Guy Norton in London -
After 2009's gas war with Ukraine, Russia began 2010 with the opening of a new front in its energy disputes with ex-Soviet states.
At the start of the year, the Kremlin cut off oil supplies to Belarus via the ironically named Druzhba (Friendship) pipeline in a spat over prices and transit fees. In retaliation, Belarusian President Alexander Lukashenko threatened to order Belarusian power company Belenergo to cut off electricity to the Russian enclave of Kaliningrad. The Druzhba pipeline not only supplies Belarus, but also accounts for 75% of Poland's oil needs and 15% of Germany's. So far, deliveries to both those countries have not been affected as Belarus has had enough oil stockpiled at its two main refineries, Naftan und Mosyr. The dispute, which was still rumbling on by mid-January helped to push oil prices to a two-month high of $81. A similar conflict at the start of 2007 caused a sharp fall in deliveries to Poland and Germany via the Druszba Pipeline.
The dispute has also cast a shadow over the planned expansion of a southern spur of the Druzhba pipeline by Austrian oil and gas company OMV and Slovak pipeline operator Transpetrol. At present, the spur ends at the Slovakian capital Bratislava, but two months ago OMV and Transpetrol announced plans to build an extension by 2012 that will link up with the Schwechat refinery in Austria. At present, Austria receives all its oil via the TransAlpine pipeline that runs from the Italian port of Trieste.
To tax or not to tax
While Ukraine is the main conduit for Russian gas exports to Western Europe, Belarus plays the same role for oil deliveries, importing around 400,000 barrels of oil a day (b/d), the vast majority of which it then exports on to Central and Western Europe in either crude or refined form. In 2009, Russian oil production reached a new record high of 9.925m b/d, overtaking Saudi Arabia as the world's biggest oil producer.
At the heart of the dispute is the fact that Russia wants Belarus to pay a market price for the oil it receives, the vast bulk of which it exports further west at a profit. For its part, Belarus is demanding a 10-fold increase in transit fees to $45 per tonne. Coincidently - or maybe not - Russian companies such as Rosneft are seen as the likeliest buyers of Naftan, Belarus' main refinery. As part of the privatization of Naftan, Belarus is seeking at least $1.6bn to connect Naftan with one of the Baltic states.
In mid-December, relations between Russia and Belarus looked far warmer when the two governments signed a treaty on further political and economic integration. At the same time, Russia's biggest lender Sberbank bought the number four banking player in Belarus, Belpromstroibank (BPS-Bank), for around $295m. Furthermore in the period 2010-2014 Sberbank committed to increasing BPS-Bank's equity base by $300m-350m as well as agreeing to arrange a further $2bn in supplementary financing. "We're investing a huge amount in the Belarusian economy and see the potential for it to develop and our business to grow," said German Gref, Sberbank's chief executive.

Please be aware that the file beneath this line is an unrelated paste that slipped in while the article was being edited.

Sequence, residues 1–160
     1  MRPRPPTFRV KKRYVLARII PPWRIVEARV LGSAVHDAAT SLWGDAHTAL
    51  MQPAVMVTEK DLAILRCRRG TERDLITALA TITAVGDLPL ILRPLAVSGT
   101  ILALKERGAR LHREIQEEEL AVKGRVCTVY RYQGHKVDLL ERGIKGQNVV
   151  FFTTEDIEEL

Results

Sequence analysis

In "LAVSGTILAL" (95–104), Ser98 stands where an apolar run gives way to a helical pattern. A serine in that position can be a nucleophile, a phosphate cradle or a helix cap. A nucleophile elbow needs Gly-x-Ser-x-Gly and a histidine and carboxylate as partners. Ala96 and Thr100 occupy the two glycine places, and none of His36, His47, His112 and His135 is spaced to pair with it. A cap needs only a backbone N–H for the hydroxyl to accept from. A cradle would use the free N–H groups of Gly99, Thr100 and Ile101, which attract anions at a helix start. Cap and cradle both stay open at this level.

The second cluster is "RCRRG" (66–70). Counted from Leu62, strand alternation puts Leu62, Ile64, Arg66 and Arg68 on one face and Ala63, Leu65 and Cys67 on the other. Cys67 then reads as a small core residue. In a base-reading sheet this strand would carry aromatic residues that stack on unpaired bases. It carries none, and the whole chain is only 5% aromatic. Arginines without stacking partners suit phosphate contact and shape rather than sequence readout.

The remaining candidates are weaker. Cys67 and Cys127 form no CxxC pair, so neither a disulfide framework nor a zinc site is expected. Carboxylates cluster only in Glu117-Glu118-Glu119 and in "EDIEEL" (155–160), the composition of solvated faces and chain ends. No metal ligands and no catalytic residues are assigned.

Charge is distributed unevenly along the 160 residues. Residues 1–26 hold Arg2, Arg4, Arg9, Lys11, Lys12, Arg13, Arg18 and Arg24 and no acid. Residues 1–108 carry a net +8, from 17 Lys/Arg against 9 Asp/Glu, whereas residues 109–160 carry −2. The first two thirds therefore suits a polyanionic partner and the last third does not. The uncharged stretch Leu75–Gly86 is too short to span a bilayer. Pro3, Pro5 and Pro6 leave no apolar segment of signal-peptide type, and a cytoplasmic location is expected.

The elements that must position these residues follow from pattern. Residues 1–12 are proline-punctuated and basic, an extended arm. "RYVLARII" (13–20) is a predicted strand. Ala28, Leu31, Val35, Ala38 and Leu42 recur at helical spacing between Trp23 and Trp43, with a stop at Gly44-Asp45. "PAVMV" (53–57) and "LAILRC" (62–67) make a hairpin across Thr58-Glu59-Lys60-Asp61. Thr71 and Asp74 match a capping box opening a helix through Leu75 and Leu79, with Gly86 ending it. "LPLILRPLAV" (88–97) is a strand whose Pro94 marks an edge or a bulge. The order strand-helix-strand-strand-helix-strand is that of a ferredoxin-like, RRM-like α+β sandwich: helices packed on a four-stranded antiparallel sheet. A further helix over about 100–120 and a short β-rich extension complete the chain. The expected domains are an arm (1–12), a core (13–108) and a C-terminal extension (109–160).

Sberbank has also said it will help Belarus access the international bond markets. Finance Minister Andrey Kharkavets says that Belarus is planning to launch a debut Eurobond in the second quarter, market conditions permitting. "There would certainly be investor demand for a sovereign bond from Belarus," says Jan Mutsaers, managing director, debt capital markets at ING in London.
Meanwhile, in the latest sign that the Belarusian government's economic reforms are attracting growing attention, investment bank Renaissance Capital (RenCap) has opened a representative office in Minsk. The office is headed by Sergey Levin, who joins RenCap from Belarusian private equity firm Lebortovo Capital Partners. RenCap intends to offer a full range investment banking services in Belarus and is looking to promote Belarus as an up-and-coming destination to foreign portfolio and strategic investors. "Belarus is a promising market and it is a natural fit with the other regional markets in which Renaissance Capital operates," says Peter Vanhecke, chief executive of RenCap's Central and Eastern European operations, adding that RenCap is looking to further expand its network in the region in the near future. RenCap joins BG Capital, the investment banking arm of Bank of Georgia, which set up shop in November 2008 and now claims to have secured around a 33% share of secondary market trading on the Belarusian Currency and Stock Exchange.
Commenting on RenCap's entry to Belarus, Oleg Gud, regional director for BG Capital in Minsk says: "Given the utter lack of international competition on the local Belarusian market, there is no reason for us to think there is no room for two or more players. I think it is only inevitable that more investment banks will enter the market as it grows and economic reforms continue."
Jason Corcoran in Moscow - Russian banks are disappearing at the fastest rate ever as the country's deepening recession makes it easier for the central bank to expose money laundering, dodgy lending ... more
bne IntelliNews - The Kremlin supported by national sports authorities has brushed aside "groundless" allegations of a mass doping scam involving Russian athletes after the World Anti-Doping Agency ... more
Jason Corcoran in Moscow - Revelations and mysticism may have been the stock-in-trade of Nikolai Tsvetkov’s management style, but ultimately they didn’t help him to hold on to his ... more